Roger Bisby checks out the GMC grinder.
I know GMC tools of old and the Australian owners have a good down-to-earth approach to designing and bringing value-for-money tools to the market. If anything they are often over-engineered. Presumably they figured out a long time ago that the quickest way to eat into your profits is with warranty claims, so they do what they can to avoid them. You see it in their planes and saws, which are robust with lots of gleaming magnesium.
It is easy to love tools like that but angle grinders are almost unique in power tools because nobody really gives them a second thought and everyone gives them a rough ride. They get used in the harshest conditions, with clouds of brick or concrete dust passing through the air intakes and they get dropped or thrown into the van in a way that a drill never would. Nobody I know thinks about vacuuming out the air intake, or clearing dust from the switch – they just switch it on, use it and chuck it down. In a way manufacturers are resigned to this lack of love for this kind of tool, and none I can think of supplies a box for a corded grinder.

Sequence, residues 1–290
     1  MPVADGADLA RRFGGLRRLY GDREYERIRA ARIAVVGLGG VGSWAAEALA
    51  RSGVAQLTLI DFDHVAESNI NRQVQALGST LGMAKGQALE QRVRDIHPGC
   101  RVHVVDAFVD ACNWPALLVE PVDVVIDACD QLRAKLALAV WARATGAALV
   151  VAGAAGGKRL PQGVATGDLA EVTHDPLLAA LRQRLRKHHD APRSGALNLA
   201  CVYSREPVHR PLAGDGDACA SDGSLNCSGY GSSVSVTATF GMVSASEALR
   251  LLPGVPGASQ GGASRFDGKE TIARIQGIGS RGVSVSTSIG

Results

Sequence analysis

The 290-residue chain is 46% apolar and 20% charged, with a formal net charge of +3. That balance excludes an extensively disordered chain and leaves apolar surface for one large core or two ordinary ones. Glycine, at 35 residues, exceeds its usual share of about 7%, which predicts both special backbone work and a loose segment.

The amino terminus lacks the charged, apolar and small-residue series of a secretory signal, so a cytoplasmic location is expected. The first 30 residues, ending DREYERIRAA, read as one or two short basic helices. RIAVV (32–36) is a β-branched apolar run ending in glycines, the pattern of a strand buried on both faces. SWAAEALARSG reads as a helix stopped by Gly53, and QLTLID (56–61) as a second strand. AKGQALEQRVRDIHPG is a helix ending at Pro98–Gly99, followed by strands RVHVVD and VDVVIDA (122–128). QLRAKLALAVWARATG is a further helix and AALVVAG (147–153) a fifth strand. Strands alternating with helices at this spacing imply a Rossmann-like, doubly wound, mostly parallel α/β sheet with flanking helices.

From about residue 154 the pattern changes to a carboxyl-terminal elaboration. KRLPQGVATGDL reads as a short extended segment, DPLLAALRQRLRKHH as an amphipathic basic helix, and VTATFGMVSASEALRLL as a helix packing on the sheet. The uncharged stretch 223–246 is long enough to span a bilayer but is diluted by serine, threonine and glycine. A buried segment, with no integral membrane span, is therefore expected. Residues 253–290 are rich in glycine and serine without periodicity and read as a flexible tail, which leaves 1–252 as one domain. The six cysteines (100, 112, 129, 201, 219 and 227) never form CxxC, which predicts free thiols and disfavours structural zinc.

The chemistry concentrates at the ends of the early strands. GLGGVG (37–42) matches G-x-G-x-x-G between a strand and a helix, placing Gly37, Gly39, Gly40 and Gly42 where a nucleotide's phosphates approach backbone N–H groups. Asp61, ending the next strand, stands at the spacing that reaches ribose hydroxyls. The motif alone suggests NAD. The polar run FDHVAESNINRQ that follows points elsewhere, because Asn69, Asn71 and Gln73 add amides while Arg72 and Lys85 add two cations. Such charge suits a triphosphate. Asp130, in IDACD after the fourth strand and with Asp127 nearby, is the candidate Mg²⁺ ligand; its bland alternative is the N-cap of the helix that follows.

The other reason of course is that nobody can really command a high price for a grinder in the way they used to. This is a cheap grinder because that is what the market demands, but it has a nice soft grip and, apart from that initial jump start, it is as smooth as many out there. Yet when you think about the variety of work you can do with a tool like this you are probably looking at one of the fastest returns on your investment of any power tool. There was a time when roofers spent hours nibbling tiles and ground-workers spent all day cutting clay drains with a small cold chisel and club hammer. Now it takes seconds to do that work, and with diamond blades now as cheap as chips we really do have it all. I could start an angle grinder appreciation society but I have a feeling I might be the only member. People tell me I need to get out more.